About the Major
Cognitive Science is the interdisciplinary study of mind and cognition. It uses approaches and insights from psychology, computer science, philosophy, neuroscience, and linguistics, among other disciplines to develop information processing accounts of cognitive and mental functions. Central topics include perception, memory, reasoning, motor control, language, and the nature of consciousness. Research in the cognitive science program is problem-oriented.
Students pursuing a major in Cognitive Science will become familiar with the basic approaches of psychology, neuroscience, philosophy, computer science, and linguistics. Electives will allow students to gain specialized knowledge in a particular problem area of cognitive science. With guidance of an adviser in the program, the student will design a course of study concentrating on a particular problem that can be tackled by a variety of methods, such as computer simulations of psychological processes, computational linguistics, philosophy, and psychology.
Because this is a smaller program, courses are offered with less frequency and thus students must plan ahead carefully. Exceptions to the listed requirements may be allowed, particularly to accommodate unavoidable conflicts necessitated by the D-Plan.
Note: The major requirements have changed. Classes matriculating prior to the class of 2020 may opt to fulfill the new requirements if they can do so within their D-Plan. The entering class of 2020 and beyond must fulfill the new requirements.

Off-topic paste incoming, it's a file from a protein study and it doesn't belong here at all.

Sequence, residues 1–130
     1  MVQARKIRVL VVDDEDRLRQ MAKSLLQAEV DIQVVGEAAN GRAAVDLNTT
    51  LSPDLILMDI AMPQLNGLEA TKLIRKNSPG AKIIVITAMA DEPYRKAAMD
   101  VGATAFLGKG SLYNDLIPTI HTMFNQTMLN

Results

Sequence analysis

Spring Term 2017, Office Hours: Monday, 2:00 - 5:00 pm. Please stop by 303 Thornton Hall on a first come first serve basis during these hours to meet with Prof. Roskies, chair of Cognitive Science. Please note no hours April 10th.
COGNITIVE SCIENCE MAJOR
PRIOR TO THE CLASS OF 2020
- COGS 2/PSYC 28
- PSYC 10 or SOCY 10 or equivalent
II CORE COURSES:
- LING 1
- COSC 1 (formerly COSC 5)
- PHIL 26 (Philosophy and Computers) or 35 (Philosophy of Mind)
- PSYC 11 or approved equivalent
III One course that satisfies the requirement for a culminating activity, which may be met in one of three ways:
- Completing a senior Honors thesis (COGS 87)
- Taking an advanced seminar in cognitive science (COGS 81); or a relevant advanced seminar in Linguistics (e.g. LING 80), Philosophy (PHIL 80), or PBS or Education. Courses must be approved by the steering committee.
- Carrying out a one or two term independent study project (COGS 85)
IV Five additional courses selected from those listed below:
- At least two of the four areas must be represented;
- PSYC 21, PSYC 25, PSYC 26, PSYC 40, PSYC 51, PSYC 52, PSYC 60, PSYC 64, PSYC 65, and relevant seminars in PSYC
- PHIL 6, PHIL 26, PHIL 27, PHIL 30, PHIL 32, PHIL 33, PHIL 34, and relevant seminars in Philosophy
- COSC 10 (formerly COSC 8), COSC 31 (formerly COSC 25), COSC 39, COSC 59 (formerly COSC 68), COSC 76 (formerly COSC 44), and COSC 79 (formerly COSC 53)
- LING 10, LING 20-26 and relevant seminars in Linguistics
COGNITIVE SCIENCE MAJOR
BEGINNING WITH THE CLASS OF 2020